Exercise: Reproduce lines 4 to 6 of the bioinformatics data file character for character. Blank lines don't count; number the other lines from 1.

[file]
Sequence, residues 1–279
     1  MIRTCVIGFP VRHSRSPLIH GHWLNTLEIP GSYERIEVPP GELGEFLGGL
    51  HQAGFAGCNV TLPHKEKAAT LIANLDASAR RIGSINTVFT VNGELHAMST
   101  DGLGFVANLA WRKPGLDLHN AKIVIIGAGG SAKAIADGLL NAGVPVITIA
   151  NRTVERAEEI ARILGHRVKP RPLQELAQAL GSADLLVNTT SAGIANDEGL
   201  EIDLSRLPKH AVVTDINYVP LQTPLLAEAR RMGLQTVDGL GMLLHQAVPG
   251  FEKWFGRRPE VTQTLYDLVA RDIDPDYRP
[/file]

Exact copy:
   101  DGLGFVANLA WRKPGLDLHN AKIVIIGAGG SAKAIADGLL NAGVPVITIA
   151  NRTVERAEEI ARILGHRVKP RPLQELAQAL GSADLLVNTT SAGIANDEGL
   201  EIDLSRLPKH AVVTDINYVP LQTPLLAEAR RMGLQTVDGL GMLLHQAVPG